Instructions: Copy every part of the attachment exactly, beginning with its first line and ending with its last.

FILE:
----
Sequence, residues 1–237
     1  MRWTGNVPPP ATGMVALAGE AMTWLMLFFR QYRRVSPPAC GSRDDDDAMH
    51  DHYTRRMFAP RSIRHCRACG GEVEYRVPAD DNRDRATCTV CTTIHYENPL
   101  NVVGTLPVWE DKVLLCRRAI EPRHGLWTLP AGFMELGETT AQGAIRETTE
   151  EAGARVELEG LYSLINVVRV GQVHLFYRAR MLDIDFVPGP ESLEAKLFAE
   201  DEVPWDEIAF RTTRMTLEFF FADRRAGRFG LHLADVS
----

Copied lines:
Sequence, residues 1–237
     1  MRWTGNVPPP ATGMVALAGE AMTWLMLFFR QYRRVSPPAC GSRDDDDAMH
    51  DHYTRRMFAP RSIRHCRACG GEVEYRVPAD DNRDRATCTV CTTIHYENPL
   101  NVVGTLPVWE DKVLLCRRAI EPRHGLWTLP AGFMELGETT AQGAIRETTE
   151  EAGARVELEG LYSLINVVRV GQVHLFYRAR MLDIDFVPGP ESLEAKLFAE
   201  DEVPWDEIAF RTTRMTLEFF FADRRAGRFG LHLADVS